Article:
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Pakistan’s Simple Climate Fix Has The Whole World Watching

How great a difference can forests make to helping the world’s climate? Pakistan’s billion new trees are here to find out.

Logging at the Neelam River. Photo by Rehmanab/Wikimedia Commons.


Pakistan has planted more than 1 billion trees in an effort to reduce the effects of global warming.

Debates about climate policy often swirl around complicated figures: emissions data, statistical projections, and relative pollution figures around the world. But while the environmental impact of various energy forms remains the focus of heavy scrutiny, one elected official in Pakistan has chosen to spearhead a different — and radically uncomplicated — approach.

The idea is simple: trees.

In Pakistan, deforestation has run rampant for years, leaving just a small percentage of its land area populated with trees. Of course, it’s far from the only country in the world where such unchecked land use has taken a serious toll.

But under the leadership of star ex-cricketer and Tehreek-e-Insaf party chief Imran Khan, Pakistanis have helped seize the opportunity to make a large correction in the interest of maintaining a healthy atmospheric balance at home and around the world.

Khan’s politics sometimes make him a polarizing figure, but the gains in his reforestation effort have largely spoken for themselves. As part of a global effort launched seven years ago, the Billion Tree Tsunami project spent the past two years applying one big number to what can seem an intractably complex policy area.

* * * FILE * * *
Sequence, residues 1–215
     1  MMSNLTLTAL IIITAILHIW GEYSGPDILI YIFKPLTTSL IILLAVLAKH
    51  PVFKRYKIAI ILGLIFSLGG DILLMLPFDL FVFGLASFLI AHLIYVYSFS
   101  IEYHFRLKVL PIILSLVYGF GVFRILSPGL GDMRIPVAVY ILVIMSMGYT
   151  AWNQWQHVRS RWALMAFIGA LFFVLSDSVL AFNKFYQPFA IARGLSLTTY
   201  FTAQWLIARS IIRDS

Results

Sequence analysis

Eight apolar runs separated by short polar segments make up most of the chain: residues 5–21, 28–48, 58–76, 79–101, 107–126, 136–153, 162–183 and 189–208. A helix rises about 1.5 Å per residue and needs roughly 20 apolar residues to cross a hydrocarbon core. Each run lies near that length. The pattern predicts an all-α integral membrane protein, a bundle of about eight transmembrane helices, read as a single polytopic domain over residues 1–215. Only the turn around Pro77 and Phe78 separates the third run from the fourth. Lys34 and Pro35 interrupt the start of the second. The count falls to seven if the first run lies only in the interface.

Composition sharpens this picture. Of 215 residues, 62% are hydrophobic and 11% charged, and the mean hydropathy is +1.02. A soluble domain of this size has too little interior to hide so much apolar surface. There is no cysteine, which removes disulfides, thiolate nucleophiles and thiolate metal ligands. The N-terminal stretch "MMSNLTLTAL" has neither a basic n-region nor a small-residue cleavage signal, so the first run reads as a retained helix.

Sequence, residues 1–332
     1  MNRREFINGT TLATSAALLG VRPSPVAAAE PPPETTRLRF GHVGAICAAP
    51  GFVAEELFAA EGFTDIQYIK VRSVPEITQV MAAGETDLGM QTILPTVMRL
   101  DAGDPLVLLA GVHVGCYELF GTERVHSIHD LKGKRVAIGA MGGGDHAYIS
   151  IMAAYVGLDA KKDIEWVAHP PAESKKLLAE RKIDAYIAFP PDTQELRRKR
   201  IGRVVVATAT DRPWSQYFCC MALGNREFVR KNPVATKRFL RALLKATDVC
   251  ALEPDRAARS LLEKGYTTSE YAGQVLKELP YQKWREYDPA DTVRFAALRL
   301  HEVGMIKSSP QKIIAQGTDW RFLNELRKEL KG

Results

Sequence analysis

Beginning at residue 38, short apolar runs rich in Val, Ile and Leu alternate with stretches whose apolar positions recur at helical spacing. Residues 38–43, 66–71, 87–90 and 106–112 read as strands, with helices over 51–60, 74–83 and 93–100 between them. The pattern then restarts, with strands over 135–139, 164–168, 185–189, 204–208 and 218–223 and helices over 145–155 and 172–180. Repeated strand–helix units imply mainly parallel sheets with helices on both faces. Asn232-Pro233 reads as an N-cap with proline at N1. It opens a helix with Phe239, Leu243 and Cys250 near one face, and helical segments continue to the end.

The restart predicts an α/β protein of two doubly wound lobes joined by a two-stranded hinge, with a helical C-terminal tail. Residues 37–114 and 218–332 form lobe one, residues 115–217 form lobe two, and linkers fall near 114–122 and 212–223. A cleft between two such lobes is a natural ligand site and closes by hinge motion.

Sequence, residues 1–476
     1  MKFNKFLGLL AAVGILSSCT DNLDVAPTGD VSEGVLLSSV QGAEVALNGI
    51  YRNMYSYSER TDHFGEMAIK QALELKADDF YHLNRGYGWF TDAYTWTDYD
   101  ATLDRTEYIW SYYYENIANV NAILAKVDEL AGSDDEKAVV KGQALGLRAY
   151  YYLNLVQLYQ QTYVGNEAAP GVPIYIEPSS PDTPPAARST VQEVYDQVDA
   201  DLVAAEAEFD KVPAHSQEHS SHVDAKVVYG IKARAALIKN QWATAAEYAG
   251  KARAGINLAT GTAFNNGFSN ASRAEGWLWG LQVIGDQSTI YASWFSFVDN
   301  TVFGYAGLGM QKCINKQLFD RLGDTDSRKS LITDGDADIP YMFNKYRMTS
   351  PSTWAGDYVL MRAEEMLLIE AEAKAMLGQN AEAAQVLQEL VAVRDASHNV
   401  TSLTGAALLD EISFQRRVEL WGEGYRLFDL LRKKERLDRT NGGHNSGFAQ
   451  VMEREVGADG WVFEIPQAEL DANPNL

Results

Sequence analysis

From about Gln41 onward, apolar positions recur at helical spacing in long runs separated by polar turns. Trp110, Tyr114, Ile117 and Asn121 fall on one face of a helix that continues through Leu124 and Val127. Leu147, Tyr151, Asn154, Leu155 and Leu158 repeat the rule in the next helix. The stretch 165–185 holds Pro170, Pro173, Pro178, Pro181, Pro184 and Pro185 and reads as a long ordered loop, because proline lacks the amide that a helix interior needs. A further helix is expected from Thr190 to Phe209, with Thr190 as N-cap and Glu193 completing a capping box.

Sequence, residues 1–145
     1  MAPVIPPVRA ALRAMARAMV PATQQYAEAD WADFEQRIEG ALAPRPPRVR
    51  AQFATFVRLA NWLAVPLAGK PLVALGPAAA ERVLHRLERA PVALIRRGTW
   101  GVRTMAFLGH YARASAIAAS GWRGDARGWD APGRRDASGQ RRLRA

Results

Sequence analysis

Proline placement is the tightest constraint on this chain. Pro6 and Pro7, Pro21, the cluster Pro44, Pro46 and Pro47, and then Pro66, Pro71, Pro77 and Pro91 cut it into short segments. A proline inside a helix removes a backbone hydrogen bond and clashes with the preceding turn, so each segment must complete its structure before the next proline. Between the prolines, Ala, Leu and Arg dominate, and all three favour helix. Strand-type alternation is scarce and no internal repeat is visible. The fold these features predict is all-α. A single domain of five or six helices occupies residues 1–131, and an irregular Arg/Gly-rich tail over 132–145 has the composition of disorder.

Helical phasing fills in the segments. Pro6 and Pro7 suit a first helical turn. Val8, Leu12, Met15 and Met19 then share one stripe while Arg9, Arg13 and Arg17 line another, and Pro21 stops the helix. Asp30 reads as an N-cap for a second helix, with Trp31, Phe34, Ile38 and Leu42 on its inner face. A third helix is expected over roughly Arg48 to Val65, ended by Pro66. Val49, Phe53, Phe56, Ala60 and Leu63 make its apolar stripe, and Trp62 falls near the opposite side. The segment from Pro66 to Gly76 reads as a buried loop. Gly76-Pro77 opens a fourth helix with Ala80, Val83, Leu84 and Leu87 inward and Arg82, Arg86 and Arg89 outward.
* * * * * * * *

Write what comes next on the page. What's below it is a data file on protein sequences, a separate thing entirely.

“If you plant trees … by the river banks,” Khan says, “it sustains the rivers, but, most importantly, the glaciers that are melting in the mountains, and one of the biggest reasons is because there has been massive deforestation. So, this billion tree [program] is very significant for our future.”

Now, Pakistan has finished its billion-tree plant a month ahead of schedule. And the Bonn Challenge, put together to replenish 350 million hectares’ worth of land within the next 12 years, is that much closer to completion.

Its approaching goal to hit the 150-million mark “will create approximately $84 billion per year in net benefits that could bring direct additional income opportunities for rural communities,” according to the International Union for the Conservation of Nature. “Achieving the 350 million hectare goal will generate about $170 billion per year in net benefits from watershed protection, improved crop yields and forest products, and could sequester up to 1.7 gigatonnes of carbon dioxide equivalent annually.”

Sometimes, the shortest path toward a cleaner, more stable environment runs straight up — into a leafier, greener sky.

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